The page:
SNIDER: Rivera makes right timeout call, waving white flag again

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Washington Football head coach Ron Rivera isn’t one to prolong the inevitable. The problem is the flag they gave him is red instead of white.

Trailing 31-20 with five minutes remaining against Cleveland on Sunday, Rivera opted not to stop the clock with his three timeouts. A traditionalist would say always use remaining timeouts, but it makes me remember my first year as a reporter overhearing an argument between a basketball coach and his star player over tactics in the final moments of a lopsided loss. Basically, the coach said you didn’t succeed all game so why drag it out so you can’t finish well, either.

Translation: Rivera knew his offense couldn’t score 11 points in two quick possessions after a turnover-fest by quarterback Dwayne Haskins all afternoon. Indeed, it probably would have led to another turnover in the eventual 34-20 loss.

Rivera has been candid this season on why he loses with timeouts in his pocket. He doesn’t want extra snaps in a sure loss that might see a player injured. After all, Washington already lost defensive linemen Chase Young (groin) and Matt Ioannidis (arm) in the second quarter. Losing Terry McLaurin or Haskins in the final moments would give it “Body Bag Game” status and derail the season for sure.

It’s a safe move like not playing veterans in meaningless preseason games. Rivera views the final minutes of lopsided losses as meaningless, too. No sense cashing in timeouts for more problems.

Rivera has been open about the team’s offensive problems. Haskins’ mechanics have been a problem as he learns the offense. He stares holes through intended targets for defenders to steal passes. Haskins was an absolute mess versus Cleveland with three interceptions and a fumble gifting the Browns 24 points and the game.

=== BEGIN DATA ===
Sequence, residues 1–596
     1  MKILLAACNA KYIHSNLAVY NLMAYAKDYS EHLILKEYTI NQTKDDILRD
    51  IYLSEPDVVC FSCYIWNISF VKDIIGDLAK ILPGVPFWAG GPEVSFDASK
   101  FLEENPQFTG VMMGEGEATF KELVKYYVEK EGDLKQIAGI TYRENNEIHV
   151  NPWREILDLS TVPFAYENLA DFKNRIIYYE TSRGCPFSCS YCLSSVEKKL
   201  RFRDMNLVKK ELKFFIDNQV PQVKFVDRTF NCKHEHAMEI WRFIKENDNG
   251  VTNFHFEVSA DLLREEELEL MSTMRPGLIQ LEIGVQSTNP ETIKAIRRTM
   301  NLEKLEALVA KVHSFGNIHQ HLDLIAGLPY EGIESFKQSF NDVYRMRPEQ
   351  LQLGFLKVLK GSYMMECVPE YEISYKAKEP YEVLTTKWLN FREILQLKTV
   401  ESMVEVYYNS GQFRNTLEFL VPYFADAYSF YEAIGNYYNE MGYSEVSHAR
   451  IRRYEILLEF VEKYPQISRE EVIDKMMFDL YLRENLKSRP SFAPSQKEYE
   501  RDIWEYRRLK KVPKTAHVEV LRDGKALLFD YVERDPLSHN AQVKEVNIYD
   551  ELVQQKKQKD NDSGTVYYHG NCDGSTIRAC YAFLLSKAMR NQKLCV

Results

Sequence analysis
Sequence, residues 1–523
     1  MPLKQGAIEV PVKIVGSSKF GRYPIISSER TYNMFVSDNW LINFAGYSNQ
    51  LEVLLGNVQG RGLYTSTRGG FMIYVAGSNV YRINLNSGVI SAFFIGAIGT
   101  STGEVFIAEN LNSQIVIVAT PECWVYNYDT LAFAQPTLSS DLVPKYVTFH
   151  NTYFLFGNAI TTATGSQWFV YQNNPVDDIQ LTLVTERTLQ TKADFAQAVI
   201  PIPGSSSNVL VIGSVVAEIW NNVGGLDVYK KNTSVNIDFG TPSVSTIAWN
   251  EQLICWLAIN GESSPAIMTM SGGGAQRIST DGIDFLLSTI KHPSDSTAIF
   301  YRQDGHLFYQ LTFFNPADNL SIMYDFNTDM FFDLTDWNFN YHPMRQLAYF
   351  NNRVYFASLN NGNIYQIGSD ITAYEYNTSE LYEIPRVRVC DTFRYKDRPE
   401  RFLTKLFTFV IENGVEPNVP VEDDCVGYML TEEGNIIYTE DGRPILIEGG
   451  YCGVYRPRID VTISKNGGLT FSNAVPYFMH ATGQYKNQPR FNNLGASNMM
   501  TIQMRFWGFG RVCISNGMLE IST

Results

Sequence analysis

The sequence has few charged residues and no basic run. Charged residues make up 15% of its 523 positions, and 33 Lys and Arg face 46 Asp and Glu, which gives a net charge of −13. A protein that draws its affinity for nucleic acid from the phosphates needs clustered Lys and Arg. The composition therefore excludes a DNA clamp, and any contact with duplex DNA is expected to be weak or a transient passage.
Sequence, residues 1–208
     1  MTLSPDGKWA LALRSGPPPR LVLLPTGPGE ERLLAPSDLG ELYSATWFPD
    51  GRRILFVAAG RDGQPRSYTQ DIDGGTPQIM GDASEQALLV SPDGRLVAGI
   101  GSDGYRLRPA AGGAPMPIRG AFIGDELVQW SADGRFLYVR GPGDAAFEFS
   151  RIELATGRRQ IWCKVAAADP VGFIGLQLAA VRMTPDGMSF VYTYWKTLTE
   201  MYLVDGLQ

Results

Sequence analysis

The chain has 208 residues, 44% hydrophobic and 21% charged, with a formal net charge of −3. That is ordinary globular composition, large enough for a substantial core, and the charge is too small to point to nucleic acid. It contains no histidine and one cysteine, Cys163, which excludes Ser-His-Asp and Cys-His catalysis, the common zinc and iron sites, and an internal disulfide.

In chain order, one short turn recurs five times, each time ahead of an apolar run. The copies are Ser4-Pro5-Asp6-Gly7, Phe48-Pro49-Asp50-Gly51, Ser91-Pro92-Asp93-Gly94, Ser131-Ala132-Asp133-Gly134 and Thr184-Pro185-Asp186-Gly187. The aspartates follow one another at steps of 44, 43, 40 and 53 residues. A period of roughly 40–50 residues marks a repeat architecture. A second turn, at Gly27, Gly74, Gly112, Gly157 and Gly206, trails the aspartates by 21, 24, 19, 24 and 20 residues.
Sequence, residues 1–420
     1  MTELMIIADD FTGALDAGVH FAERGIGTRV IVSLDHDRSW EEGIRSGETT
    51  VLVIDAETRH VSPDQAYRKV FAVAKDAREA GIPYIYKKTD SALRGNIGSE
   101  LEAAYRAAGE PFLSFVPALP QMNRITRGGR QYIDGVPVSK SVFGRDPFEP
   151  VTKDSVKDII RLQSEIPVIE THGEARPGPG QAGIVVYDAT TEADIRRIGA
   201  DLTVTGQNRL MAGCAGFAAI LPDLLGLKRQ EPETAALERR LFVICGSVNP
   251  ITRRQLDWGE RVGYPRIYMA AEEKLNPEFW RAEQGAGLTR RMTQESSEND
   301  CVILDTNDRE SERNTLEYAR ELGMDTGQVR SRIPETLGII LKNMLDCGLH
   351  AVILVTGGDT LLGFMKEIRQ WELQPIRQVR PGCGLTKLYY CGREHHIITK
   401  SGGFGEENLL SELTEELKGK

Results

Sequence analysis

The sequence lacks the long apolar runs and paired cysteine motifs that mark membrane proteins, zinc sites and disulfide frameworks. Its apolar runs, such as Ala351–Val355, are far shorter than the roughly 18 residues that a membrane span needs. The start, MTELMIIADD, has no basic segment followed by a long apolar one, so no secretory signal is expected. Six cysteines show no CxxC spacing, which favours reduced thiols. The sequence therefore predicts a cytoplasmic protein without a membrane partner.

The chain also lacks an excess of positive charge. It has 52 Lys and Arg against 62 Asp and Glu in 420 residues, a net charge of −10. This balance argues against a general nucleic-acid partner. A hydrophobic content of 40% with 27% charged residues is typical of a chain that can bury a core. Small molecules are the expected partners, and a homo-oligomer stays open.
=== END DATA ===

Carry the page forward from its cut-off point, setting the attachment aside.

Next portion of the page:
Indeed, it was a winnable game with a good quarterback, but Rivera isn’t listening to the crowd here demanding change. Rivera’s sticking with Haskins . . . until he doesn’t. And when Rivera doesn’t, start looking at scenarios for drafting Trevor Lawrence next spring.

Rivera offers transparency in a town where everything is gray. Past Washington coaches and officials would talk of winning off the field rather than why they were losing on the field. Rivera will flat out admit Haskins is not playing well enough, but what’s he supposed to do after a 1-2 start – surrender the season to a backup passes and throw away a 2019 first-rounder after a handful of starts?

Worrying over Rivera not spending all of his time outs is a smoke-and-mirrors move. It’s not the root of the problem, which is the offense needs several playmakers to win regularly rather than just the passer. Sure, Haskins playing well would be a good start, but giving him more time versus the Browns would have just added to the misery.

And in 2020, ending misery as quickly as possible is desperately needed.

Rick Snider has covered Washington sports since 1978. Follow him on Twitter: @Snide_Remarks